The Ldhc locus encodes the testis-specific isozyme of lactate dehydrogenase in mammals. In our efforts to understand the regulatory mechanisms involved in expression of Ldhc, we recognized the possibility that this gene could be posttranscriptionally regulated in certain species as the 3'-untranslated region (3'-UTR) of Ldhc in primates, but not rodents, contains a number of AU-rich motifs and is conserved. To determine whether the primate Ldhc mRNA is posttranscriptionally regulated, comparison of baboon and mouse Ldhc mRNA stability was made in a cell-free system. The results indicated that the baboon mRNA is labile, while that of mouse, which does not contain the AU-rich motifs, is highly stable. Consistent with these results, the steady state level of primate Ldhc was found to be 8 to 12 fold lower than that of the mouse. We show that in a transformed murine germ cell line, the human Ldhc mRNA is moderately unstable, and removal of its 3'-UTR leads to stabilization of the mRNA. Mutations disrupting the AU-rich motifs of human Ldhc result in stabilization of the mRNA in vitro. On the basis of these observations, we conclude that stability of the primate Ldhc transcript is regulated by dispersed AU-rich elements found in its 3'-UTR. Because AU- rich motifs similar to these are found in many mRNAs, these findings may have broad implications.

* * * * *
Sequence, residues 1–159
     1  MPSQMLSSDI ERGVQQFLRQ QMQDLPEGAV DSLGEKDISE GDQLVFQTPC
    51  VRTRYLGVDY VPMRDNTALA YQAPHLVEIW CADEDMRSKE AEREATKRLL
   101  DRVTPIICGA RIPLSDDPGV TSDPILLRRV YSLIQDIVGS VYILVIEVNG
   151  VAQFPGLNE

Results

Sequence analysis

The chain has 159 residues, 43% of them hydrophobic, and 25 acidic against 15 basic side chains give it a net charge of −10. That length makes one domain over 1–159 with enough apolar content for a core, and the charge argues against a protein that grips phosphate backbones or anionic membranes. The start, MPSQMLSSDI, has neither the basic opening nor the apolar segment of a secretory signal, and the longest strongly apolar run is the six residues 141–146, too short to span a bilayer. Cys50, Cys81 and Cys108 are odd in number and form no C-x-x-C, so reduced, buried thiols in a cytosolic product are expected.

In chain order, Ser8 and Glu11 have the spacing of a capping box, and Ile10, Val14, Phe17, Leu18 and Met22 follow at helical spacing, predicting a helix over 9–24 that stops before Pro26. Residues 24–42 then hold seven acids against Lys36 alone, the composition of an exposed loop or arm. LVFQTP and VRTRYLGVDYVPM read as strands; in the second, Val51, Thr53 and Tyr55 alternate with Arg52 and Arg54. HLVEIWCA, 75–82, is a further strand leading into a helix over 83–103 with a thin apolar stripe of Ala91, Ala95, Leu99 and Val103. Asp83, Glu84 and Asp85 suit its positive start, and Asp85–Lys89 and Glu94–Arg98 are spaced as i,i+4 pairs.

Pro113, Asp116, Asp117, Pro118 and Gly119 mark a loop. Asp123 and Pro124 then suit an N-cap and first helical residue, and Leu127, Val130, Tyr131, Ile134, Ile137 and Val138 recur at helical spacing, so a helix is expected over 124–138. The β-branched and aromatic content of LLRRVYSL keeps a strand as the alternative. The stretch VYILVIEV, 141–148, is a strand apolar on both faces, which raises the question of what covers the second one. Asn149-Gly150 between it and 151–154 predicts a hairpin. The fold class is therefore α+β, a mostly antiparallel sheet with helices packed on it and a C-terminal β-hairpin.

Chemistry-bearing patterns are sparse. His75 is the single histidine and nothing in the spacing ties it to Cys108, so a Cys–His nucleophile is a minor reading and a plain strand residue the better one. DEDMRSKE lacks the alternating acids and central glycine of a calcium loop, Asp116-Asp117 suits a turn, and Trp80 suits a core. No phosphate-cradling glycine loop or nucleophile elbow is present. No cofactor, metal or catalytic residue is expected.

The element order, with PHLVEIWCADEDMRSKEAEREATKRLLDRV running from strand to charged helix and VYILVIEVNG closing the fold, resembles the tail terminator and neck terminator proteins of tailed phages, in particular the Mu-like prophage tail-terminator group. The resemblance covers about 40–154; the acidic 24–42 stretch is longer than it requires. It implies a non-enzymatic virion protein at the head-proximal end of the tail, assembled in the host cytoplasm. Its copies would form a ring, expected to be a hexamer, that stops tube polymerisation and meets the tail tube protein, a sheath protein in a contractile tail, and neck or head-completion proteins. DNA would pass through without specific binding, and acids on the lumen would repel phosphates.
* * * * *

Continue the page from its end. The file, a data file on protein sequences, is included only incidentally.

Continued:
ASJC Scopus subject areas
- Molecular Biology